Yes.
 

Levies a tax at the rate of $0.175 per gallon on liquid alternative fuel and other alternative fuels used to operate a highway vehicle. (Also see Chart 2 for exemptions.)

Wisconsin

Wis. Stat. Ann. §78.40 (tax)

 

Wis. Stat. Ann. §25.40 (dedication)

Yes.

The tax rate on propane is $0.226 per gallon and the tax rate on compressed natural gas is $0.247 per gallon. (Also see Chart 2 for exemptions.)

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Chart 2: Statutes Providing a Tax Exemption or Deduction for Alternative Fuels

Montana | New Mexico | New York | Rhode Island | South Dakota | Utah | Virginia | Wisconsin

 

State

Relevant Citations

Provisions

Montana

Mont. Code Ann. §15-70-320
 

Exempts certain biodiesel produced from waste vegetable oil feedstock from the special fuel tax.

New Mexico

N.M. Stat. Ann. §7-16A-10
 

Provides that special fuel consisting of at least 99 percent vegetable oil or animal fat can be deducted from the tax due on special fuel excise tax.

New York

N.Y. Tax Law §1115

E85, compressed natural gas and hydrogen fuel used exclusively to operate a motor vehicle engine is exempt from state sales and use taxes. This exemption expires Sept. 1, 2012.

Rhode Island

R.I. Gen. Laws §31-36-1
 

Defines the meaning of a manufactured biodiesel fuel with regard to its exemption from the state motor fuel tax.

South Dakota

S.D. Codified Laws Ann. §10-47B-167

Liquefied petroleum gas is exempt from the fuel excise tax when sold from a licensed propane vendor to a licensed propane user or propane vehicle owner.

Utah

Utah Code Ann. §59-13-301

Propane and electricity used to operate motor vehicles are exempt from state fuel taxes. (Also see Chart 1 for the reduced tax on compressed natural gas and liquefied natural gas.)

Virginia

Va. Code §58.1-2250
 

Exempts from the alternative fuel tax any alternative fuel produced by the owner or lessee of an agricultural operation and used exclusively for farm use in any vehicle registered, or in any motor vehicles operated, by the owner or lessee or any of his immediate family members.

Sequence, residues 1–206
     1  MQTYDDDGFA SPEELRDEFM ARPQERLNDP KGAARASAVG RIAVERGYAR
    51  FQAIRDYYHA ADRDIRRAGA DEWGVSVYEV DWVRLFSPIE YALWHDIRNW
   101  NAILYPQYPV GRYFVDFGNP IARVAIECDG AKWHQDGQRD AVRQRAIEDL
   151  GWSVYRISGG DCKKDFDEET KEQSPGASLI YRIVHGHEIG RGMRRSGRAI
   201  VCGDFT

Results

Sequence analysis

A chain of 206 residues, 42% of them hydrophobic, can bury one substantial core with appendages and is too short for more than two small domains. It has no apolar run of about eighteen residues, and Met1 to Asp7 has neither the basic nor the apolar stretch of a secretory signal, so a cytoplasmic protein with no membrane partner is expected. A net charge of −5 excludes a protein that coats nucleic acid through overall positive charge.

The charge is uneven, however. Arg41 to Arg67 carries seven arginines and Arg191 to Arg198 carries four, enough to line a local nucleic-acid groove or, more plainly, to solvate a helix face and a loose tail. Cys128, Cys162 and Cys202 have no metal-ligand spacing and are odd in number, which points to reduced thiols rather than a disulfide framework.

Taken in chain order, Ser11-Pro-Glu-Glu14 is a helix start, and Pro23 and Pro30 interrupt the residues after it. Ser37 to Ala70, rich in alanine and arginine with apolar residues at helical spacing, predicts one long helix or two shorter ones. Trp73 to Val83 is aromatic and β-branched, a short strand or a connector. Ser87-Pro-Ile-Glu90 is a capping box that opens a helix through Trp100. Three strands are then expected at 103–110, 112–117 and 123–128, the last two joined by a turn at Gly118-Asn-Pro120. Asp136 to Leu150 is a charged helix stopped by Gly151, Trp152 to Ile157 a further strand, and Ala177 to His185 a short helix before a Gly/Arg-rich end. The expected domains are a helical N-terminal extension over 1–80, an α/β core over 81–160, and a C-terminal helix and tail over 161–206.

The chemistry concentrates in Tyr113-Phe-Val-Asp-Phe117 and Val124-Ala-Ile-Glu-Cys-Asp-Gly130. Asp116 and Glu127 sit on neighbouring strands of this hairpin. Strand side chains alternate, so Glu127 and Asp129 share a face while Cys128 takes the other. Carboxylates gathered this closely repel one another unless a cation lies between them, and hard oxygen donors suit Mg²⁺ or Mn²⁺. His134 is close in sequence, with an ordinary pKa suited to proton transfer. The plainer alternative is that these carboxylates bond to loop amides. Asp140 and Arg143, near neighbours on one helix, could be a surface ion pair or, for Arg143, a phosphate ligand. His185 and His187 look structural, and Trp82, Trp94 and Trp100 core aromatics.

Wisconsin Wis. Stat. Ann. §78.01 Exempts personal renewable fuel production and use from the motor vehicle fuel tax.

 

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Chart 3: Pending Bills

Illinois | Iowa | Massachusetts | New York | Oklahoma | Pennsylvania

State

Bill

Provisions

Illinois

2011 HB 3769

Would reduce the sales and use tax rate imposed on motor fuel and gasohol from 6.25 percent to 1.25 percent, from  July 1, 2011, to Dec.31, 2011.

Iowa

2012 SSB 3141

Would increase the excise tax on special fuel used in diesel engines by $0.05 beginning Jan. 1, 2013, and by an additional $0.05 beginning Jan. 1, 2014. Special fuel is defined as any fuel oil or combustible gas or liquid suitable for the generation of power for propulsion of motor vehicles or turbine-powered aircraft, other than gasoline.

Massachusetts

2011 HB 2547

Would define “biofuel” as any blend of fuel which is at least 20 percent renewable motor fuel by volume. Would establish a tax credit for the cost of renewable motor fuel or biofuel purchased in Massachusetts.

New York

2011 SB 1200

 

 

2011 AB 6999

Would amend the tax law to change the current exemption for B20 biodiesel (20 percent biodiesel, 80 percent diesel) to include all biodiesel blends, and would base the amount of the exemption on the percentage of biodiesel per gallon.

 

Would establish a biodiesel tax exemption.

Oklahoma

2011 HB 1975

Would define and provide for a tax levy on compressed natural gas. Would exclude compressed natural gas from the definition of special fuel and eliminate references to compressed natural gas for purposes of tax decals.

Pennsylvania

2011 HB 558

Would reduce the tax on diesel fuel and alternative fuels by $0.06 per gallon.

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Chart 4: Failed Bills